The 2013 Christmas-toy marketing season is gasping its final breaths, and GoldieBlox—a toy company, marketing Engineering toys for girls—made quite a stir this year. Under the leadership of CEO and Stanford grad Debbie Sterling, GoldieBlox was bent on “disrupting the pink aisle.” The products themselves are carefully designed to appeal to the intelligence of girls of all stripes. However, what put this company on the 2013 hot list was not the toys; it was a two-minute promotional video featuring three feisty young girls, a Rube Goldberg-style “Princess Machine,” and a delicious spoof of the 1986 Beastie Boy’s song “Girls.” The video racked up over nine million views on YouTube and ignited legal sparring between the Beastie Boys and GoldieBlox over allegations of copyright infringement.
I was a young girl living in upstate New York when License to Ill came out. It was explosive. “Fight for Your Right” stirred our white, suburban souls. We listened to it incessantly, understanding neither parody nor irony. It spoke truth to the only power we’d ever known: mom and dad. Our middle-class, mostly indulgent, baby boomer parents didn’t much like the Beastie Boys. So, naturally, they became a cultural mainstay. The Beasties topped every mix tape, played at every party, blasted in every mall parking lot. Mom, you’re just jealous it’s the Beastie Boys!
At age sixteen, I spent hours cruising in the back of my sometimes-boyfriend’s Ford with my best friend beside me, her sometimes-boyfriend riding shotgun. “Girls” was their favorite. Our ears rang: Girls to do the dishes, to clean up my room, to do the laundry and in the bathroom. Girls. Girls. Girls. But the only voices louder than our boyfriends’ in that high-speed clunker were ours. We were still years from college and Steinem and de Beauvior, yet we knew what we were singing and where it put us. But we were cool. Sweet and sexy. Not uptight. Not the kind of girls to get hung up on titles like, girlfriend. We were drinkers, sneaker-outers, down-for-whatevers. And mostly disposable.
Ultimately, I made it out. I left the burbs, went to college, read impressive books, and developed some self-worth outside of my sexual appeal. Most days I think I’m better and wiser for having had those experiences. They make me who I am, I tell myself.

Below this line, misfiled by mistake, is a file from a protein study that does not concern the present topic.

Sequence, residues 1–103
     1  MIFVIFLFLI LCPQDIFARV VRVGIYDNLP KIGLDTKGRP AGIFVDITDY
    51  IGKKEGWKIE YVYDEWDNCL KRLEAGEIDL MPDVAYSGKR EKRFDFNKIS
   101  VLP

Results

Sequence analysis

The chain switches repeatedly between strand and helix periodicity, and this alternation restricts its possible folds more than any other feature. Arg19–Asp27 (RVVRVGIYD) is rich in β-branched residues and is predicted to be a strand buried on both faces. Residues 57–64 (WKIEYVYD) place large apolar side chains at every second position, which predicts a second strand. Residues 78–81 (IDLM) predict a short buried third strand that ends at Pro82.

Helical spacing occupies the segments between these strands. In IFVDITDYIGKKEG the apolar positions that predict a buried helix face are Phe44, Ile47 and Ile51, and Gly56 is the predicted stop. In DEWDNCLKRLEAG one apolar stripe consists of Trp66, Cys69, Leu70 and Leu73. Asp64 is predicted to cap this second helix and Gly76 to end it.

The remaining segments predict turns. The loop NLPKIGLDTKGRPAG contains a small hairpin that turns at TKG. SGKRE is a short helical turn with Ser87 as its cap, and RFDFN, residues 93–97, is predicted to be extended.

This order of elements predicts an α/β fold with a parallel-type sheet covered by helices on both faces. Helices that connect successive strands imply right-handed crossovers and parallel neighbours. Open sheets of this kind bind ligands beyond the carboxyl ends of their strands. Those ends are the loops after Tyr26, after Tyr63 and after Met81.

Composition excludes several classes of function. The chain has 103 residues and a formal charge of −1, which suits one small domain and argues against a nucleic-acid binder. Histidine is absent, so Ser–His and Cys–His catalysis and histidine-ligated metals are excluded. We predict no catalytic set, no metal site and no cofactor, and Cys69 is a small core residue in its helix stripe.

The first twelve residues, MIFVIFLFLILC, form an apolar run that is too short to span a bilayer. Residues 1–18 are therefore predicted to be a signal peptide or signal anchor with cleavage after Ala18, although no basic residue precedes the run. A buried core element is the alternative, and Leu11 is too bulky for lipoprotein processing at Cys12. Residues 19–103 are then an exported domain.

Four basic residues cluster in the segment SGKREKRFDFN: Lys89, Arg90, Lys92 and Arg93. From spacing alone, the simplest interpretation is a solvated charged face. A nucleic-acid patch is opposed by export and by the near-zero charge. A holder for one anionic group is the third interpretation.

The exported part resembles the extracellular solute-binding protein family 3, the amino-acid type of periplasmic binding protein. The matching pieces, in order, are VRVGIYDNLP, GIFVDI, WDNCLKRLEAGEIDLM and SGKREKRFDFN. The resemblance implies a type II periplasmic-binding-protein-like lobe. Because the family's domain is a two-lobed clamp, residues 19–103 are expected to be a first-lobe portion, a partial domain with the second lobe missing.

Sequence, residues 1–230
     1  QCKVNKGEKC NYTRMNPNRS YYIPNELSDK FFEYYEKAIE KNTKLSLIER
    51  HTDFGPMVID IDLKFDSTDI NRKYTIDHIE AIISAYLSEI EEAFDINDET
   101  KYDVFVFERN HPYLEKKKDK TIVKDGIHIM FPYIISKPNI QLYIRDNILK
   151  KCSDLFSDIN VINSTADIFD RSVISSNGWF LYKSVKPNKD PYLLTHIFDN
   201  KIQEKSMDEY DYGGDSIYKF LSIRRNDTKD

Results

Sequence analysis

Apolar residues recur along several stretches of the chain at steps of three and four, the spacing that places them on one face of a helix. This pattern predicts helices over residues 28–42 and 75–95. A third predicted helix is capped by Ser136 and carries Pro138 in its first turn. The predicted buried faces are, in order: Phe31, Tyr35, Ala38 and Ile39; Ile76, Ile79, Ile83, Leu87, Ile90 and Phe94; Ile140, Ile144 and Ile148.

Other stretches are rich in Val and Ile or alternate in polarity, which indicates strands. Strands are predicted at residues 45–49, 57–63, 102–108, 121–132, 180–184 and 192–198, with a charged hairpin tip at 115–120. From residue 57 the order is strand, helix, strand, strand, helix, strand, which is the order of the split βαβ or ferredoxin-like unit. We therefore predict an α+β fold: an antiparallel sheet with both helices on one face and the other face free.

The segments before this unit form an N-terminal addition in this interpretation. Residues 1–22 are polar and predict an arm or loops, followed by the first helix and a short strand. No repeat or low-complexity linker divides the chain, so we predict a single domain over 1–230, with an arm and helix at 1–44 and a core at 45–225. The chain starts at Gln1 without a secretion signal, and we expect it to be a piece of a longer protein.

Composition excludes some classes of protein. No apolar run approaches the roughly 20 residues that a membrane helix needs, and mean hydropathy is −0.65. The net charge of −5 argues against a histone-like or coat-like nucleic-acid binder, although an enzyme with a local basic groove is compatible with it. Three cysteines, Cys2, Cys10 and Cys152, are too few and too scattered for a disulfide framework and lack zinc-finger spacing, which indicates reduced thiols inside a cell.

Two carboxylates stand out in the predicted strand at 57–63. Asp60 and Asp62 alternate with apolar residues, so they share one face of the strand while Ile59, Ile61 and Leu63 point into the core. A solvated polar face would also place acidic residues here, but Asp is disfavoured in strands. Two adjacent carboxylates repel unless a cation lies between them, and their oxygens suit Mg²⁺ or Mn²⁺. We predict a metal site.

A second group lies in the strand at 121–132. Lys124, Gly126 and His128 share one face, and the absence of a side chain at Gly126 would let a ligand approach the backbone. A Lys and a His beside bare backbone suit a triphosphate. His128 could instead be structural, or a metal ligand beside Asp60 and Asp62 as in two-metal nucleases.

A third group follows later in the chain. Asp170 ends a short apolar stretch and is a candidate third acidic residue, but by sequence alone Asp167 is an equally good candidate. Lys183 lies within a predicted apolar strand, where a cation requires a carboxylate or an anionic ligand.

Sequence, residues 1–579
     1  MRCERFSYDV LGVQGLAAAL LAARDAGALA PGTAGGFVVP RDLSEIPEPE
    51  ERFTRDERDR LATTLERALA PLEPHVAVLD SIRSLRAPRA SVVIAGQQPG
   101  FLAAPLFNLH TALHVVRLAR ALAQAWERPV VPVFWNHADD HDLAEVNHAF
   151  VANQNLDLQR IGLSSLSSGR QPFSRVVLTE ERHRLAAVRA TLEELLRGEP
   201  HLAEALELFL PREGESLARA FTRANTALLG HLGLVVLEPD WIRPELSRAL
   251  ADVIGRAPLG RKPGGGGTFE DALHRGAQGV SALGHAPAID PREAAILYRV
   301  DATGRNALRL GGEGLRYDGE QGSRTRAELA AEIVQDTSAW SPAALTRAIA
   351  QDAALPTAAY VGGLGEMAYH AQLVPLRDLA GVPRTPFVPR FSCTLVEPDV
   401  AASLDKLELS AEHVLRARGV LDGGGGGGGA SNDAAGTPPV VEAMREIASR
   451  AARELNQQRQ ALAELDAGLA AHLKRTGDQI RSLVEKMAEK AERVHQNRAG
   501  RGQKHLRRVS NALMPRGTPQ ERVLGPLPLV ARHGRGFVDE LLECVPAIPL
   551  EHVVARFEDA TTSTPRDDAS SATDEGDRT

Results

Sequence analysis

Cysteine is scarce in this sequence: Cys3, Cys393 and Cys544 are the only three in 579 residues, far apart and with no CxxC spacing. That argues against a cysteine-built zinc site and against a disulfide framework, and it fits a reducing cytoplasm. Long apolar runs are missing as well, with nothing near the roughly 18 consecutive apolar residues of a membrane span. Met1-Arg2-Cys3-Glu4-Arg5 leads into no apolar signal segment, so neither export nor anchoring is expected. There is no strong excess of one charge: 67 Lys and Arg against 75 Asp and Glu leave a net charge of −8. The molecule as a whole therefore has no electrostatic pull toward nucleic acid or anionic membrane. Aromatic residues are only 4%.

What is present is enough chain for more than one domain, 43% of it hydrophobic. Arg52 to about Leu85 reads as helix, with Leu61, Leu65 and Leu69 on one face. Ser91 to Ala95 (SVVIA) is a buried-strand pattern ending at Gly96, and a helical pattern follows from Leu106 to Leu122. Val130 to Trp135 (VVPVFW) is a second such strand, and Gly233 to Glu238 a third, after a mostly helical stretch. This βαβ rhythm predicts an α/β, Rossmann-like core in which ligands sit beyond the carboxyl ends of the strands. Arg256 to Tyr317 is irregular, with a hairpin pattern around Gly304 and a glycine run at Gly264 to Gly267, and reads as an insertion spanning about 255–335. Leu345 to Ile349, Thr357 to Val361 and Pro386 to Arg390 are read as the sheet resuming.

But now I have two daughters, ages four and six. They’re seriously cute, and difficult, and kind of badass. And they love—I mean love—pink. This concerns me. I worry because I want them to be strong and independent, to understand their intelligence, and their intrinsic value. And this obsession with things pink and frilly suggests otherwise. After all, I was a Barbie girl. I strutted around in pink leg warmers, begged for pink wallpaper, and cruised the cul-de-sac on a pink 10-speed. I want my daughters to avoid my mistakes, not repeat them. And all that pink carries a whiff of failure.
The GoldieBlox “Girls” ad hit me in the head and the gut—as a mother of girls and as the teenager in the back of that car. The long-buried bubble-gummer was delighted, vindicated even, to hear the new “Girls” lyrics. Gone were the tight pants, the threesomes, the housecleaning; it was, instead, adolescent female voices demanding change, range, and acknowledgment of their brains. Girls, to build a space ship. Girls, to code a new app. But my mother-self recognized several pink toys in the Rube Goldberg contraption from my own daughters’ toy stockpile: pink tea sets, pink boas, pink roller blades, pink shopping carts, and pink baby doll carriers. Just like the fifties, it’s girls. All these pink toys were so generic and boring. I don’t recall buying most of them, but they have a way of creeping in uninvited from well-meaning friends and loved ones at countless parties, birthdays, and holidays. The GoldieBlox vid served as a reminder to stay vigilant; a reminder of my responsibility to counter the dull, vapid images of girlhood that surround my children—even in their own home. Of course, in the end, GoldieBlox is just another company trying to sell my daughters more toys they probably don’t need. So, while my daughters may not find GoldieBlox under the tree, they will find an invigorated mama, evermore dedicated to inspiring them to realize all that it means to be girls, girls, girls, girls girls.